Capital Requirements

Switching Costs

Access to Distribution Channels

Cost Disadvantages Independent of Scale

Government Policy

Threat of New Entrants

Expected Retaliation

slide7

Porter’s Five Forces

Model of Competition

Bargaining Power of Suppliers

Threat of New Entrants

Threat of New Entrants

slide8

Supplier industry is dominated by a few firms

Suppliers exert power in the industry by:

Suppliers’ products have few substitutes

* Threatening to raise

prices or to reduce quality

Buyer is not an important customer to supplier

Powerful suppliers can squeeze industry profitability if firms are unable to recover cost increases

Suppliers’ product is an important input to buyers’ product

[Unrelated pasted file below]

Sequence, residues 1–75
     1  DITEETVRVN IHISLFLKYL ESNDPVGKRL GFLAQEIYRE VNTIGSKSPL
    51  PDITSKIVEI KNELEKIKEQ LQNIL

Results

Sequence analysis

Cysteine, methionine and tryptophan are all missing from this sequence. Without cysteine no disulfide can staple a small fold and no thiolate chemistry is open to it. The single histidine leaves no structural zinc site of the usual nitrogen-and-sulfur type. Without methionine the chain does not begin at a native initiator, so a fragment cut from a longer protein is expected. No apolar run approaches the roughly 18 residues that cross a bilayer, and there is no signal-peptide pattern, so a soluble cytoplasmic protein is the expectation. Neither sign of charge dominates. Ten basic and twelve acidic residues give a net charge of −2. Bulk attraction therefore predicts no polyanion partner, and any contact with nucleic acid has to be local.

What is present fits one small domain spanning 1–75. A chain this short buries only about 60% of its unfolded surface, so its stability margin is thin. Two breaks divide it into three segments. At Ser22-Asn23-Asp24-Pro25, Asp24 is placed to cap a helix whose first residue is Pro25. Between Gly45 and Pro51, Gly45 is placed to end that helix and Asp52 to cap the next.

Suppliers’ products are differentiated

Suppliers’ products have high switching costs

Supplier poses credible threat of forward integration

Bargaining Power of Suppliers

Suppliers are likely to be powerful if:

slide9

Porter’s Five Forces

Model of Competition

Bargaining Power of Buyers

Threat of New Entrants

Threat of New Entrants

Bargaining Power of Suppliers

slide10

Buyers are concentrated or purchases are large relative to seller’s sales

Buyers compete with the supplying industry by:

Purchase accounts for a significant fraction of supplier’s sales

Products are undifferentiated

* Bargaining down prices

* Forcing higher quality

Buyers face few switching costs

* Playing firms off of

Buyers’ industry earns low profits

each other